Tuition The overall value of certifications is rising, which can put added pressure on job seekers to make sure their credentials are up to snuff. The good news is some employers may be willing to help you get the training you need. Of course, whether you can convince an employer to pay for training or certifications depends on a number of factors, including the skills, the industry and the company’s attitude toward training in general. Then there’s company size and the specific role involved. If a job lists certain certifications as a requirement, candidates will probably have to bring the credentials with them, whether they’ve earned them on their own or through a previous employer. And during the hiring process, certifications—even when they’re required—aren’t everything. “Generally, certifications may have some value for new hires and entry-level positions, but IT managers will value experience and demonstrated ability over certifications,” says John Longwell, vice president of research for Computer Economics. “That is what I hear over and over.” Analyst firm Foote Partners, which tracks the value of more than 300 certifications, has seen the value of certifications rising over the last year after seven years of decline. Part of that may be because an increasing number of jobs require certifications, particularly security-related positions in government and for government contractors. According to the most recent biennial global workforce survey by security consortium (ISC)2, 68 percent of those surveyed said certifications were valuable demonstrations of competence, while 53 percent said they demonstrated quality of work. Forty-six percent of the respondents said their organizations require certifications for employment.

Focus on Training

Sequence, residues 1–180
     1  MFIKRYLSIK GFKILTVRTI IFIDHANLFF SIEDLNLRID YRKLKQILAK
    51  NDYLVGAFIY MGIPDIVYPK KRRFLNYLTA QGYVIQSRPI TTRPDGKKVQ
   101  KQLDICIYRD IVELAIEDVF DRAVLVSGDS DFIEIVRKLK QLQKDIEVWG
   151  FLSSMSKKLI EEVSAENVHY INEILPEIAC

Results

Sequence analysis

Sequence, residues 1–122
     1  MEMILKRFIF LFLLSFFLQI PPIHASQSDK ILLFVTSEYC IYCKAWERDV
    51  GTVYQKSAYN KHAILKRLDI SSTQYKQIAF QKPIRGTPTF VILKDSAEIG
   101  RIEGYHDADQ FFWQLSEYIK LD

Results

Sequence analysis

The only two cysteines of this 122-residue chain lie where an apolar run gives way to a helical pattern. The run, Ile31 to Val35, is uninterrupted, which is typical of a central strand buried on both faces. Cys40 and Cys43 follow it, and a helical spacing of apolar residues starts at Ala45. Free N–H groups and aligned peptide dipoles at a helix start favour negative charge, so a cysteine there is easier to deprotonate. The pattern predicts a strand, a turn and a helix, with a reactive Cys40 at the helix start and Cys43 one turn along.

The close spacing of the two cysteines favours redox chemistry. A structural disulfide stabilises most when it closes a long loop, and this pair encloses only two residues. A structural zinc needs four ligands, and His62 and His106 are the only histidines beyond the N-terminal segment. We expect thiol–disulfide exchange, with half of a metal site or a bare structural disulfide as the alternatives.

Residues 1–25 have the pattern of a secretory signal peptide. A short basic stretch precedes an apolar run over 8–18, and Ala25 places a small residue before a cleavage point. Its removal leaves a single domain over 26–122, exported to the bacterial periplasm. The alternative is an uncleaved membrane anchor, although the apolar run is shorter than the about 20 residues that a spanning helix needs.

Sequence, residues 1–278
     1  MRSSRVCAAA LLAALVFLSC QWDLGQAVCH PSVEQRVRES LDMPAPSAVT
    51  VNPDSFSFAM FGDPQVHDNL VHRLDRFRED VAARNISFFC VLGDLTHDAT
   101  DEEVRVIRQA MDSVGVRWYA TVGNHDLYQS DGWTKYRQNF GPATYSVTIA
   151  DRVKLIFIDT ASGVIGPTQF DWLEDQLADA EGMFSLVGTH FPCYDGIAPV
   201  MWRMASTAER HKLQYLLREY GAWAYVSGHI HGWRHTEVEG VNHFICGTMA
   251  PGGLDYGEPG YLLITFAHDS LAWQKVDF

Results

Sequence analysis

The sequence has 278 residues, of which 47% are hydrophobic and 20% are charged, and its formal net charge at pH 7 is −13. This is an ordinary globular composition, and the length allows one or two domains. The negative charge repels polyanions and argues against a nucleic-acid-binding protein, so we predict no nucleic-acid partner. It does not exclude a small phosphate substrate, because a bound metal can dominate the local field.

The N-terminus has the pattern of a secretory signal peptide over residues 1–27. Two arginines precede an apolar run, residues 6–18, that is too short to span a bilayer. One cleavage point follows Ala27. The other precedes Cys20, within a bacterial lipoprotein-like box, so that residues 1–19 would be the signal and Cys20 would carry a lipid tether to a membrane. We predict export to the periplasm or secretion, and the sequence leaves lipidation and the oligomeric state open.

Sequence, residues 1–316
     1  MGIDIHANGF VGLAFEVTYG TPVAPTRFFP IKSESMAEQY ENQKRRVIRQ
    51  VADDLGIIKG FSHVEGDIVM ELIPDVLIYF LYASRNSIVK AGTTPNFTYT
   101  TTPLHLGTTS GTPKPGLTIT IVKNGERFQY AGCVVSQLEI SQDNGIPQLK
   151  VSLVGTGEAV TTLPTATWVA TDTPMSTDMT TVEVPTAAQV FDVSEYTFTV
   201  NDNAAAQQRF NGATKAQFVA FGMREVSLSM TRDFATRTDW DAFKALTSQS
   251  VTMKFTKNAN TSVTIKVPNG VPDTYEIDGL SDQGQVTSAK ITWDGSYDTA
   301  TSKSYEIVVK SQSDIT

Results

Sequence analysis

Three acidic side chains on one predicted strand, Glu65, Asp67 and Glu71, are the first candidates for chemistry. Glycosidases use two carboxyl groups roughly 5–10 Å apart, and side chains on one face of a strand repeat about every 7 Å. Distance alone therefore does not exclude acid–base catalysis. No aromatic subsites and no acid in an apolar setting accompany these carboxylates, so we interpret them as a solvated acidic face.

Such an emphasis on certifications can indicate a focus on training. “Even during the recession and budget-constrained times, training budgets were being protected for security people,” notes W. Hord Tipton, executive director of (ISC)2. The need for training—and the willingness to pay for it—isn’t limited to security jobs. The Project Management Institute also reports continuing interest by companies in getting their staffs certified. “Organizations are acknowledging that they want their project managers to be professional. That’s why we’re seeing tremendous growth in certifications,” says Frank Schettini, PMI’s vice president of information technology. Foote Partners CEO David Foote says the issue for companies is pinpointing the best use of training dollars. “I can tell you that if a company holds certifications in high regard, and also holds in high regard training and development of its IT professionals, that company most certainly would be investing in getting those IT professionals certified,” he says. “I think the question always is how committed employers are to pinpointing their training dollars to where they really count.”

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